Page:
VOLUME 115, ISSUE 150
Sapikowski gives final guilty plea
BY TED STRONG
Adam Sapikowski's head bowed
closer and closer to the table Friday
as family spoke about how much
they missed the parents he killed.
“I’m not looking forward to my
own graduation because 1 know
when I get my diploma and I look
out there, my mom won’t be cheer
ing, and my dad won’t be doing his
silly celebration dance," said Lauren
Sapikowski, the defendants older
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Junior Monique Meertens and freshman Ashlee
Edwards perform a Puerto Rican folk tale titled “Medio
Pollito" as a part of the Carolina Caribbean Association
at the 2008 Masala Fashion Show, “Carolina Confidential.”
New hire must mesh with system
Other schools see chancellor tensions
BY KEVIN KILEY
While the University created a
committee of 21 people to seek out
candidates, the decision about its
next chancellor ultimately falls on
the shoulders of one man: UNC
system President Erskine Bowles.
The committee will select three
names to submit to Bowles, who
wall narrow the field to one and
State seeking new measures to combat dropout rates
BY ELIZABETH DEORNELLAS
STATE A NATIONAL EDITOR
In response to increasing dropout rates,
the state of North Carolina is seeking to
restructure high school so that it flows more
directly into higher education.
*We are changing this product that we
call high school, and we are merging it with
college,* Gov. Mike Easley said, addressing a
group of university, community college and
PreK-12 administrators Wednesday.
A report presented Thursday to the state
Board of Education found that 23,550 stu
dents 5.24 percent of N.C. high school
students dropped out during the 2006-
07 school year.
Those numbers reveal a 4 percent increase
in the dropout rate and a 6.2 percent increase
in the number of lost students as compared
to the 2005-06 school year.
The state’s education officials came
Day left until
set pg. 7 for stories
01ir Satin (Far Mrri
His aunt and half-brother also
read statements about how the
loss affected them.
Officially, Sapikowski on Friday
only pleaded guilty to and was sen
tenced for the murder of his moth
er, Alison Sapikowski. He had
already pleaded guilty to obstruc
tion of justice and the murder of
his father, James Sapikowski, the
coach of the UNC club hockey
team, as part of a plea deal.
The deal meant he was sen
tenced to between 40 years and
submit that name to the Board of
Governors for approval.
The chancellor hired will report
to Bowles, but the relationship
between UNC-Chapel Hill’s chan
cellor and the UNC-system presi
dent has been described as both a
partnership and a hierarchy.
The president is responsible for
setting the direction of the sys
tem, which comprises 17 constitu-
together Wednesday to discuss solutions
including using lottery funds as monetary
rewards for high school graduates and get
ting rid of local school boards.
But the most seriously discussed solution
was the creation of a seamless education sys
tem in which PreK-12 education would feed
directly into higher education, eliminating
many of the barriers between high school
The state created Learn and Earn and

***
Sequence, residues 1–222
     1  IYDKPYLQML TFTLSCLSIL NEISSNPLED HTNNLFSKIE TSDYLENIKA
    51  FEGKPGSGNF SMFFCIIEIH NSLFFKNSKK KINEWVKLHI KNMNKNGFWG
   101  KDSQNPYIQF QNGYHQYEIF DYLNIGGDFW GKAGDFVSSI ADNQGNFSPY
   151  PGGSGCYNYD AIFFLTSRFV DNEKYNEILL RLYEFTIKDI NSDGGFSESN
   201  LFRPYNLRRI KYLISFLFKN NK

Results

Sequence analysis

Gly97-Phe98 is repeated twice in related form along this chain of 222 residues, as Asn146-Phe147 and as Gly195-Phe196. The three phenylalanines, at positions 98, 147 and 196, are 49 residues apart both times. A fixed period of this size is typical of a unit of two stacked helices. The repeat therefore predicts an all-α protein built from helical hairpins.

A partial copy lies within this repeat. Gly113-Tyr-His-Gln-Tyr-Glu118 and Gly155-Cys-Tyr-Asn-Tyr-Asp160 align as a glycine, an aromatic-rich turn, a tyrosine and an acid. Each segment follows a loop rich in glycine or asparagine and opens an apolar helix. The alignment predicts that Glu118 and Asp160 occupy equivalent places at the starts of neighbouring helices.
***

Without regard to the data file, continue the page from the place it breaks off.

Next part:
its online counterpart to give students the
opportunity to gain college credits while in
high school and even to graduate from high
school with an associates degree.
But Easley said the online programs
haven't expanded far enough. ‘The product
we have out there right not is not selling*
Easley, who is taking two online courses
SEE DROPOUT RATES, PAGE 5
online | dailytarlu*cl.com
LOVE SHOW Improv group Transactors
performs a Valentine's Day-themed show.
WHAT'S IN A POLL Professors and
pollsters discuss presidential polling.
IN TRIBUTE A Hillsborough middle
school celebrates Black History Month.
Serving the students and the University community since 1893
four months and 50 years in pris
Instead of claiming insanity, he
took the deal because he wanted
to spare his family a trial, said his
attorney, Rosemary Godwin. He
also avoided the possibility of a
sentence of life in prison without
hope of parole.
‘He has struggled to accept what
has happened." Godwin said.
The family's testimony marked
what was presumably the closing
chapter in a murder investiga-
The annual show was held Friday night in Memorial Hall
and featured performances by diverse UNC groups, from
dances by Chispa and Bhangra Elite to a final fashion show
by Concept of Colors. See pg. 6 for the full story.
ent institutions. Each constituent
institution has its own chancellor,
who reports to the president and
Board of Governors.
N.C. Sen. Richard Stevens, R-
Wake, said it is going to be impor
tant that Bowles and UNC-CH’s
next chancellor foster a strong rela
“It will be extremely important
that they work together as a team,"
he said. “There are a lot of interests
Because chancellors are respon
■Sir A- j/ ms
tion that saw widespread cover
age in the press, both because of
James Sapikowski's prominence
and because his son hosted a prom
party at the house while the dead
sible for their institutions but
answer to the president, there is
the potential for disagreements.
Differences can emerge about
the direction a university should
take or how to get there.
“Any time you have two people
deciding the direction of a uni
versity, there is the potential for
conflict," N.C. Sen. Tony Rand, D-
There tends to be a greater chance
SEE CHANCELLOR. PAGE 5
High school dropout?